Cape Town is a beautiful nomad friendly city that has a lot to offer in terms of scenery, culture, and lifestyle, as well as providing great access to all the “must see” experiences of Southern Africa. Below is a quick guide that covers:
- Digital Connectivity
- Accommodation & Activities
- Some lifestyle info
- What else to explore in South Africa.
*2016 proviso* Try to avoid OR Tambo (Johannesburg) airport as your port of entry. Due to some bad decision making, clearing border control at OR Tambo can take as long as 4 hours on a busy day if you are in the non-residents queue.
Cape Town is fairly well covered by mobile signal, and all the operators are fighting hard for the “fastest 4G” crown at the moment. A number of heavy old concrete buildings, and the giant mountain in the middle of the city, mean that there are a few signal dead zones, but we don’t suffer as heavily as the densest cities around the world, and you usually don’t have to go far to find better signal.
If you wrap yourself in copper and stand right next to a tower you might see throughputs of 150 - 300Mbps on a 4G connection, but we typically see 20 - 40Mbps in real world cases.
Data is expensive, with 1GB typically going for R150. Cell C and Telkom Mobile usually have large packages at a much better rate, such as 50GB or 100GB packages for somewhere in the R2000/R3000 range (these would normally be valid for 1 year).
Currently, Vodacom and MTN have the best coverage, with Cell C doing well in urban areas. Telkom Mobile has a tiny footprint but roams on the MTN network, so the effective coverage is pretty good but you see slightly lower throughput while roaming.
Sim cards are available to buy in millions of locations. If you are not an SA resident, you need your passport with you, and if you are an SA resident, you need a proof of address no older than 3 months (municipal bill, lease, etc).
Final note, if you are travelling in the countryside and your connection drops to Edge (or, woe betide you, GPRS), you’ll be lucky to get any data throughput at all. Useful to factor in when you’re exploring far and wide and using your phone to navigate.
Cape Town has recently seen a significant fibre rollout, and most coworking spaces in “town” (very broadly defined as stretching from Woodstock to Sea Point) have fibre internet. These lines typically range from 10Mbps to 200Mbps.
We also have ADSL+ and VDSL infrastructure, with ADSL+ lines maxing out at 12Mbps and VDSL being offered in 20Mbps or 40Mbps flavours. However, our copper infrastructure is not in a good state nationally, so even if you don’t need the speed, it is still advisable to try to get onto a fibre connection rather than a copper one.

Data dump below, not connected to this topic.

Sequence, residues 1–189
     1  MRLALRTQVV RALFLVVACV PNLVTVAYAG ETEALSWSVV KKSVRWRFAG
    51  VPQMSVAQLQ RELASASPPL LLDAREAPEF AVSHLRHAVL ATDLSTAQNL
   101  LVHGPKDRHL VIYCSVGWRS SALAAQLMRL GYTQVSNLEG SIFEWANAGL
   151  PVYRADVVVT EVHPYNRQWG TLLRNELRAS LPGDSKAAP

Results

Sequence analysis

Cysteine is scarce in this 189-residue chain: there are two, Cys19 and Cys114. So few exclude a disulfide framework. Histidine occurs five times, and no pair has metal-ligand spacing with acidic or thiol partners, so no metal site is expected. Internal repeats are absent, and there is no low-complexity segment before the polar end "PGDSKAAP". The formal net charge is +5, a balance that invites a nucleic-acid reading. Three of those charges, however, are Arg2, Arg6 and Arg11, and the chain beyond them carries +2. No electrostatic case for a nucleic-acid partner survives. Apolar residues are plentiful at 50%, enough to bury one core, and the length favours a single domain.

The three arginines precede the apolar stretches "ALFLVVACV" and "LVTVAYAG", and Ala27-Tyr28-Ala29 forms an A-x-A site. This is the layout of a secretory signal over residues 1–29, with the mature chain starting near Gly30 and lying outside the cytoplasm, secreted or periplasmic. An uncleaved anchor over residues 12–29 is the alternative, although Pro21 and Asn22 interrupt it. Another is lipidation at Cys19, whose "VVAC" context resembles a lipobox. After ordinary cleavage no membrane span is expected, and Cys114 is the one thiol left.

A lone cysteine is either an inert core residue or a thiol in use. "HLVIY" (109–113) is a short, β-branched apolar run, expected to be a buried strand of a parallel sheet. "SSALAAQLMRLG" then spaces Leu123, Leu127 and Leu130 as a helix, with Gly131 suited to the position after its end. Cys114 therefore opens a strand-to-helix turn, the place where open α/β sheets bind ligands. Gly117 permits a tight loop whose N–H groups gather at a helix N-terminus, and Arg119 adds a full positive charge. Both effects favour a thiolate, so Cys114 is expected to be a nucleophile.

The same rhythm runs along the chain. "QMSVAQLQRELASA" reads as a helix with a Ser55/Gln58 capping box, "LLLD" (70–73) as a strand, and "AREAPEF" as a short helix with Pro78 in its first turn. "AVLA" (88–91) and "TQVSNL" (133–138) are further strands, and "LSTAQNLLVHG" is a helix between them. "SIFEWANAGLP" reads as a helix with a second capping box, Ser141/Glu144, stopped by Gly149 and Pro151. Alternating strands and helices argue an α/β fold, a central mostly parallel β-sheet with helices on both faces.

There are a plethora of wifi hotspots around the city, but the ones that offer free access tend to be frustratingly slow, and the rest offer tiny free tiers (30Mb - 50Mb) and then require paid access. Unfortunately, even when you pay for data on public wifi, coffee shop wifi or hotel wifi, the performance is still not necessarily going to be good.
Final note, South Africa’s international backhaul is quite congested, so a line that gets 10Mbps locally will likely only get 1-2Mbps internationally. For example, Greenpoint Coworking currently [we’re upgrading as needed] speedtests at 45Mbps to local servers, and 15Mbps to international servers.
You can buy almost anything you need in Cape Town. Kickstarter products and the latest tech launches take a few months to find their way down here, and some niche tech might never be supported by a local importer, but we have access to most things and the rest can be shipped down here. Apple products here fall under the E.U. pricing zone, so we’re not the cheapest place to upgrade. However, for general lifestyle purchases, South Africa is a pretty affordable place to be.
Most of our shopping happens in malls, as opposed to the high street or online. There are a few small pseudo-high streets around the city, usually specialising in some niche such as interior design, fashion, etc. Very broadly speaking, most grocery purchases would happen at Pick ‘n Pay or Woolworths, sporting gear at Sportsmans Warehouse or Cape Union Mart, and tech at Dion Wired, iStore, Incredible Connection or DigiCape. The most prominent malls in Cape Town are the V&A Waterfront, Canal Walk, and Cavendish Square.
The spontaneous option
Plan ahead a little
Pre-book an Epic Adventure